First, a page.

Being President isn’t the worst gig in the world. Sure, it comes with more than its share of headaches but the pay and perks aren’t too bad: Air Force One, Marine One, a Presidential limousine with a driver, a fully staffed shack on Pennsylvania Avenue, plus a Federal holiday in your honor (President’s Day) just to name a few.
Our nation’s wealthiest president, Donald Trump, has vowed to take a salary of no more than $1. I guess when you are worth billions you can afford to do that, but he’s not the first.
George Washington also refused a salary, but was later required by Congress to take one on the argument that a president without a salary is vulnerable to bribery and other corruption.
Presidents Kennedy and Hoover, both quite wealthy in their own right, donated their presidential salaries to charity.
So how much money does a president make?
Presidential Salary. George Washington and Thomas Jefferson were paid $25,000, more than $600,000 in today’s dollars. In 2001 Congress increased the President’s salary from $200,000 to $400,000 per year. In addition to their salary, presidents also get a $50,000 expense account, a $100,000 non-taxable travel account, and $19,000 for entertainment. Not to mention the many perks of the office like those listed above.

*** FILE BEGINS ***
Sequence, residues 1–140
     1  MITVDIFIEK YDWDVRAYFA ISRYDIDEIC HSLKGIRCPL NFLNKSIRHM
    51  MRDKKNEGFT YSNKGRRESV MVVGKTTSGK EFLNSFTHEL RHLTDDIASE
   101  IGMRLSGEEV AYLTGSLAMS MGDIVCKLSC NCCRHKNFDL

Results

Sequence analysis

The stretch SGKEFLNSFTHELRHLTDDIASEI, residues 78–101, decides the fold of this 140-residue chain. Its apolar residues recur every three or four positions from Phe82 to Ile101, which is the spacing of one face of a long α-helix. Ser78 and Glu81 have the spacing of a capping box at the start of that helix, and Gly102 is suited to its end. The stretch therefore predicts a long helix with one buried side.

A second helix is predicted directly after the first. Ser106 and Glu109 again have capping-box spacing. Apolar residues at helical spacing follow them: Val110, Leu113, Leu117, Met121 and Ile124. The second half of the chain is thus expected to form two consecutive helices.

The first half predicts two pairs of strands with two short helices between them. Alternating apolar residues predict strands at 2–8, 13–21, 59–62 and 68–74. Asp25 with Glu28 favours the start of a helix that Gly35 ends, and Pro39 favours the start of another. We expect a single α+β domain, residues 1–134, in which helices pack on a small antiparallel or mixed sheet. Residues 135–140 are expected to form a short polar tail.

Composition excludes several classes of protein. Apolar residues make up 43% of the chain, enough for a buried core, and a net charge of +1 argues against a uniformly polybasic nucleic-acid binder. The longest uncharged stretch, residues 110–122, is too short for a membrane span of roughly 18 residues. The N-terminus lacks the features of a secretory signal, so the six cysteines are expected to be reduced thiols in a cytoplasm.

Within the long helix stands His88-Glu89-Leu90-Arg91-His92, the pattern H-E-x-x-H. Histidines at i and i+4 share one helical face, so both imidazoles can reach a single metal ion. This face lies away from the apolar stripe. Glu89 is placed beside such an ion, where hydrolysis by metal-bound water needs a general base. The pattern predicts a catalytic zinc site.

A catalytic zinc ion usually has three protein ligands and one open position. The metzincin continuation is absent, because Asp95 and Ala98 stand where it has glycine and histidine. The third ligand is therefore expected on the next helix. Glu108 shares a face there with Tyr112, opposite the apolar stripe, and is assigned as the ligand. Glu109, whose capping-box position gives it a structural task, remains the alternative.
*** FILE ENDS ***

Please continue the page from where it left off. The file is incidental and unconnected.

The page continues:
In addition to a salary that easily ranks in the top 1% of all Americans, presidents get a nice retirement package as well. Thank you Harry S. Truman.
The total value of their pension and other benefits is hard to calculate. A Secret Service detail doesn’t come cheap. Presidents Bush and Clinton have retirement tabs that come to more than $1 million a year each.
Nevertheless, the basic pension is about $207,000 plus adjustments for inflation. They also get an office and a budget for staff. Plus free postage for life. Not that they need it.
The real payday comes after a president leaves office. All presidents since Jimmy Carter have made millions in book royalties and speaking fees after leaving the White House. Ronald Reagan made $2 million for two speeches he gave in Japan shortly after his term as president ended.
For total retirement income, Bill Clinton tops the list. In 2011 he is estimated to have earned over $13 million in speaking fees alone. During the period of 2001 to 2015 his total estimated earnings from speaking fees, book royalties and other sources exceed $220 million.
See? I told you. Not a bad gig.